- Chipotle is piloting several technologies designed to streamline operations and reduce friction for guests and employees, the company announced Tuesday.
- The technologies include a kitchen management system from PreciTaste and location-based technology through FlyBuy to enhance app functionality. The chain will also begin testing its Chippy pilot in-store at a Fountain Valley, California unit in October.
- These pilots build on the company’s ongoing deployments this year, which include a pilot of radio-frequency identification to improve tracing and inventory management in the chain’s food supply.
Adding technology to boost growth and productivity is one of Chipotle’s main strategies, CEO Brian Niccol said during the company’s Q2 2022 earnings call. The company is deploying technologies that can help support “strong execution of the basics,” he said.
The kitchen management system, which is being tested in eight Orange County, California, locations, uses artificial intelligence and machine learning to inform staff of ingredient levels in real time, telling workers how much prep is needed and when to start cooking. It also automates real-time production planning for each restaurant.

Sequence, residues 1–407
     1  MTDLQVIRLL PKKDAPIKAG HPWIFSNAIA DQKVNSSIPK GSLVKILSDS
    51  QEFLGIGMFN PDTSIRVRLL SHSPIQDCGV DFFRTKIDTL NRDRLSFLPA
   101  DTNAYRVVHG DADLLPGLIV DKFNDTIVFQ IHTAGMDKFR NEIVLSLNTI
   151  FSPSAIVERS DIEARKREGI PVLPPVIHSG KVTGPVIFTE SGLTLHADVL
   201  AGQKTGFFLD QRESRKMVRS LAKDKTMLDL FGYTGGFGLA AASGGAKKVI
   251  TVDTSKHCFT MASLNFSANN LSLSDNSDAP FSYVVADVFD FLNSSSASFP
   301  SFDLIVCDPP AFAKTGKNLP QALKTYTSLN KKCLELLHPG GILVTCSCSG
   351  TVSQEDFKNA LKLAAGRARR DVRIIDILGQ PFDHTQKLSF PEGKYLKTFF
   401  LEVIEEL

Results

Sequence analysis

At 73 restaurants in Cleveland, Ohio, the company is piloting FlyBuy, a technology from Radius Networks that provides arrival and real-time data for customers using the Chipotle app. This technology provides order readiness messaging, incorrect pickup location detection and reminds users to scan their Rewards QR code at checkout, among other uses. So far, the test has improved in-store rewards engagement and order alert notifications and increased efficiency with earlier assignments for delivery drivers, the company said.
The company will use its stage-gate process to gather guest and crew feedback before deciding if it will Chippy nationwide. Its Chippy test, a partnership with Miso Robotics, automates the chip-making process.
Chipotle is deploying an update to its POS hardware, intended to increase accuracy and throughput, which it expects to complete by year’s end, Niccol said on the call. The company has added new customer-facing pin pads to offer contactless payment options, and a labor management tool to improve scheduling.
More technology and innovation is likely, especially after Chipotle created its $50 million Cultivate Next venture fund to support emerging technology aligned with the company’s mission. The first cohort of funds went to Hyphen, a foodservice platform that automates kitchen operations, and Meati Foods, a mushroom-based food company. As of July, the chain had received over 200 inquiries for investment, Niccol said.